PROJECT

Smoke alarm: Discovering new signalling compounds that operate in plants

Developing new methods for detecting hormone-like signalling compounds that affect plant development

The burning of vegetation during bushfires releases many chemical compounds into the environment. Some of these, called karrikins, stimulate the germination of seed and affect the development of seedlings. Using plant genetics, the Waters group at UWA has pioneered research into a receptor protein called KARRIKIN INSENSITIVE 2 (KAI2). It is now clear KAI2-dependent signalling is essential for normal plant development, because KAI2 mutants have defective seed germination, seedling development and leaf shape.

All land plants possess KAI2-like genes, but most never experience fire. This suggested that KAI2 is used for sensing other compounds that are either made by plants or derived from the local environment (perhaps from microbiological sources). To identify these compounds, we need to develop smart, sensitive and specific assays by making use of what we have learned to date in plants. Some of these assays will be plant-based, while others will use synthetic biology approaches.

The specific aims of this project are to:

  • Investigate diverse sources of biological material (plants, soil bacteria, plant extracts) for karrikin-like activity using existing bioassays.
  • Develop new bioassays in plants, yeast and in vitro, and characterise them with karrikins to determine their performance.
  • Use these assays to identify new compounds and potential new plant hormones with diverse impacts on plant development.

To assist with this project, in-house expertise in chemical analysis will be provided by Dr Gavin Flematti (School of Molecular Sciences), while bioassay development will be conducted in consultation with our international collaborator.

For more background information, see the suggested readings below.

Research team leader: Dr Mark Waters

I am a Senior Research Fellow/Senior Lecturer in the School of Molecular Sciences. I joined in 2016 as an Australian Research Council (ARC) Future Fellow. My interests lie in the mechanisms by which plants make decisions and modulate their growth according to their environment. Prior to this, I worked at the ARC Centre of Excellence in Plant Energy Biology, which is housed in the same building as the School and specialises in plant molecular research. My lab is affiliated with Plant Energy Biology and has access to its world-class expertise and facilities in molecular plant science.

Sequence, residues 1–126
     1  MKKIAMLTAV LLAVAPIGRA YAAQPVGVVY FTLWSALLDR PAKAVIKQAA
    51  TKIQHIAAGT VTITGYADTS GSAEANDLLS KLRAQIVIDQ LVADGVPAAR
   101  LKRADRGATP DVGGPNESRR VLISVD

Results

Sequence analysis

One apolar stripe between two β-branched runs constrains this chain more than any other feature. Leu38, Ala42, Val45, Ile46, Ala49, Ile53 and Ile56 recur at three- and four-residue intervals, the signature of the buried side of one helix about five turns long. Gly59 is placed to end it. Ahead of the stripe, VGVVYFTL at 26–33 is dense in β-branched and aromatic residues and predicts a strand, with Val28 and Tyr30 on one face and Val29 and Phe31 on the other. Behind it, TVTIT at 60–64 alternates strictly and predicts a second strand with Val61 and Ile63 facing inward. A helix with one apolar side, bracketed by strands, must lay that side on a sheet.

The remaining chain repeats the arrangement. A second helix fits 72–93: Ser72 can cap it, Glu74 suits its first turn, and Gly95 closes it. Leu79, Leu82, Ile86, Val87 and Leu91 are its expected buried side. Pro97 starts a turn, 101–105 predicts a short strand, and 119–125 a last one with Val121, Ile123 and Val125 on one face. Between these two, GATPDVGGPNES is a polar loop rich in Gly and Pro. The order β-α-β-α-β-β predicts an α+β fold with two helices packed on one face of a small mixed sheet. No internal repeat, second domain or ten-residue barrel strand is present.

PhD opportunities

Interested in becoming part of this project? Complete the following steps to submit your expression of interest:

Step 1 - Check criteria

General UWA PhD entrance requirements can be found on the Future Students website.

Necessary training in specific techniques will be provided, but ideally you would have:

  • Hands-on laboratory experience in molecular biology and/or biochemistry
  • Familiarity with basic microbiological techniques and genetic manipulation
  • Familiarity with chemical separation and analytical techniques

Step 2 - Submit enquiry to research team leader

Step 3 - Lodge application

After you have discussed your project with the research team leader, you should be in a position to proceed to the next step of the UWA application process: Lodge an applicationDifferent application procedures apply to domestic and international students.

Scholarships

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CRICOS Code: 00126G
Updated
Tuesday, 23 October 2018 1:10 AM (this date excludes nested assets)
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